it being a sore trial for him, and his poor brother to lose the deceased and to miss seeing diseased alive after the long journey of 4,000 miles, but it's a trial that's sweetened and sanctified to us by this dear sympathy and these holy tears. and so he thanks them out of his heart and out of his brother's heart because out of their mouths they can't, words being too weak and cold and all that kind of rotten slush til it was just sickening. and then he blubs out a pie cross goody-goody amen and goes to crying fit to bust. and the minute the words was out of his mouth, somebody over in the crowd struck up the docks solinger and everybody joined in with all their might, and it just warmed you up and made you feel as good as church letting out. music is a good thing. and after all that soul butter and hogwash, i never see it freshen up things so and sound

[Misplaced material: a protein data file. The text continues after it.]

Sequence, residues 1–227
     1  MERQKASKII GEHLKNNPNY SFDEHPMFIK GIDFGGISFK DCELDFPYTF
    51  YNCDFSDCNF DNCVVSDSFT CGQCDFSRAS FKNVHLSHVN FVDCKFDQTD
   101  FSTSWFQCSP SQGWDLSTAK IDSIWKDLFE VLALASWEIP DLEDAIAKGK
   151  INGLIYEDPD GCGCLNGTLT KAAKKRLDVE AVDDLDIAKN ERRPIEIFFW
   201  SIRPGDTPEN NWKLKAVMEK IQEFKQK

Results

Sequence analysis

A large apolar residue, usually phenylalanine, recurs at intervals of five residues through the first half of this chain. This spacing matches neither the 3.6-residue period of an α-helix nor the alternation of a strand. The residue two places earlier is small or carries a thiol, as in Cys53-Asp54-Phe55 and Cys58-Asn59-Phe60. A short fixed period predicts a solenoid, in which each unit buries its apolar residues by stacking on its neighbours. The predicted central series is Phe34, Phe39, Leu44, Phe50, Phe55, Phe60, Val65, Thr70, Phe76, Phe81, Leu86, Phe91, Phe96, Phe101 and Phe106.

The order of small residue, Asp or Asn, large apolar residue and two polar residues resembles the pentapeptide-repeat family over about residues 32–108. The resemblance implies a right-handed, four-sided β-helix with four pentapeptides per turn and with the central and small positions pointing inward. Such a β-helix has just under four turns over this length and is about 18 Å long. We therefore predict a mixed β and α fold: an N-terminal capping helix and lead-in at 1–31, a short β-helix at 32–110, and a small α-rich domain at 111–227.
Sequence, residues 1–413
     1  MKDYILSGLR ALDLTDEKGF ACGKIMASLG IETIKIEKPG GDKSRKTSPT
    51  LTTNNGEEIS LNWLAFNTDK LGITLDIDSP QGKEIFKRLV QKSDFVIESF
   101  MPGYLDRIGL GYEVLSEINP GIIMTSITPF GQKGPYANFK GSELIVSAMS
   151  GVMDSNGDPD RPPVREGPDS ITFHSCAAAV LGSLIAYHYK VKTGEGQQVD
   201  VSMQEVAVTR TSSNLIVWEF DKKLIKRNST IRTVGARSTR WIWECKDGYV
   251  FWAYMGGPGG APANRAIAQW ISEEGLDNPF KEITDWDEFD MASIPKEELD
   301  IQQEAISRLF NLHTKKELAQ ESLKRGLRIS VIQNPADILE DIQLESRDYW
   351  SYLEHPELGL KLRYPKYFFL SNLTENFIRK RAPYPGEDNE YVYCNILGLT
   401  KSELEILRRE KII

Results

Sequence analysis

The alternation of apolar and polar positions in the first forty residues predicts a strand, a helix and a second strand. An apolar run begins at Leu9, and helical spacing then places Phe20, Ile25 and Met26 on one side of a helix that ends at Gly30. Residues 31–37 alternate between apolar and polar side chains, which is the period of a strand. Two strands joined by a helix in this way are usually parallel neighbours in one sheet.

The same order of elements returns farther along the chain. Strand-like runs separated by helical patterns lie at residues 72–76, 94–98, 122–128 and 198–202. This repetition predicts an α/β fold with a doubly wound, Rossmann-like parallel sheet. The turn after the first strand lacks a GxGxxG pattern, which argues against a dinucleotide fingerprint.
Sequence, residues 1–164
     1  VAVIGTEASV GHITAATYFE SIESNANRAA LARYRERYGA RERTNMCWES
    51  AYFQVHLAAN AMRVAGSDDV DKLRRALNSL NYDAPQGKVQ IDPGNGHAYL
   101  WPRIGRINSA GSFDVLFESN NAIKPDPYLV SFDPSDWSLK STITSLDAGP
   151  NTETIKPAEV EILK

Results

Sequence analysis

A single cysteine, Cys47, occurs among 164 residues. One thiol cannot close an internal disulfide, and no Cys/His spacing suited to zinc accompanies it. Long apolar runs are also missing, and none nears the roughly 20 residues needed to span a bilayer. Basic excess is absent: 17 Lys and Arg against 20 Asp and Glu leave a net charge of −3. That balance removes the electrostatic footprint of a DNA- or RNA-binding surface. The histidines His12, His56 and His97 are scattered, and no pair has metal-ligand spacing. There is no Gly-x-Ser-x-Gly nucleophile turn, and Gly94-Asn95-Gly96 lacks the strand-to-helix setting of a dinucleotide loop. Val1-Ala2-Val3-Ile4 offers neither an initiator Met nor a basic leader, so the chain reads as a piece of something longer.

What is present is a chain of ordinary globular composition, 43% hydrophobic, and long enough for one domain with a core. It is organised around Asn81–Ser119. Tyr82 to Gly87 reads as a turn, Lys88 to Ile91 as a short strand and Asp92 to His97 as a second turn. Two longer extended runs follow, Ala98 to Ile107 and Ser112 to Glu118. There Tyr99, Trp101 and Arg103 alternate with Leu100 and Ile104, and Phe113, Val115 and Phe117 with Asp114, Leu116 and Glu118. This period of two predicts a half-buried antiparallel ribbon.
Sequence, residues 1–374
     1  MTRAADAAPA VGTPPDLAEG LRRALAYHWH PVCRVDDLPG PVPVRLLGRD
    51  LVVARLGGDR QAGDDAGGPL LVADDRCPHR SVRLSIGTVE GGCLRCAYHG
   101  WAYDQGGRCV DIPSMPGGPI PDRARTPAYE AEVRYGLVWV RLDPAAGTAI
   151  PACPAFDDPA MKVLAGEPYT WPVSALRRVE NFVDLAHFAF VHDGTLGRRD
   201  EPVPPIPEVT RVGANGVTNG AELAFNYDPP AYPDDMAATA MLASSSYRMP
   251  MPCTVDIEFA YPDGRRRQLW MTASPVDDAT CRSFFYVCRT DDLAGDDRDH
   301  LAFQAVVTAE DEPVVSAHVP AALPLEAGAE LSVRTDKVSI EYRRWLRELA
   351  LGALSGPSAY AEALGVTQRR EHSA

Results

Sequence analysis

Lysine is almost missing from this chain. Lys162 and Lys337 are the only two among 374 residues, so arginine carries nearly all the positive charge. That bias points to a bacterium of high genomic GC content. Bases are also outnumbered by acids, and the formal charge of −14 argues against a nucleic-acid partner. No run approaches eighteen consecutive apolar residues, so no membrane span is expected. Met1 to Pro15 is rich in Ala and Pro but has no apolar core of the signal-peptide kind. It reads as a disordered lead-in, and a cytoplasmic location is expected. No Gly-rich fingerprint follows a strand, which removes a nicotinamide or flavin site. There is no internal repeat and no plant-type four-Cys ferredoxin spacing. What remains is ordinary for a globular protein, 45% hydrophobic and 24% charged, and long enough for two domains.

so hens and bully. then the king begins to work his jaw again and says how him and his nieces would be glad if a few main principal friends of the family would take supper with them and says if his poor brother laying yonder could speak, he knows who he would name, for they was with names -- that was very dear to him and mentioned often in his letters. and so he will name the saying to wit as follows: reverend mr. hobson and deacon -- [inaudible] and mr. ben rucker, and abner -- [inaudible] and levi bell and dr. robinson and their wives and the widow bartly. dr. robbenson was down to the end of the town hunting together, that is -- i mean, the doctor was shipping a sick man up to the other world, and the preacher was pointing him right. lawyer bell was way up in louisville on some business, but the rest was on hand, and so they all come and shook hands with the king and thanked him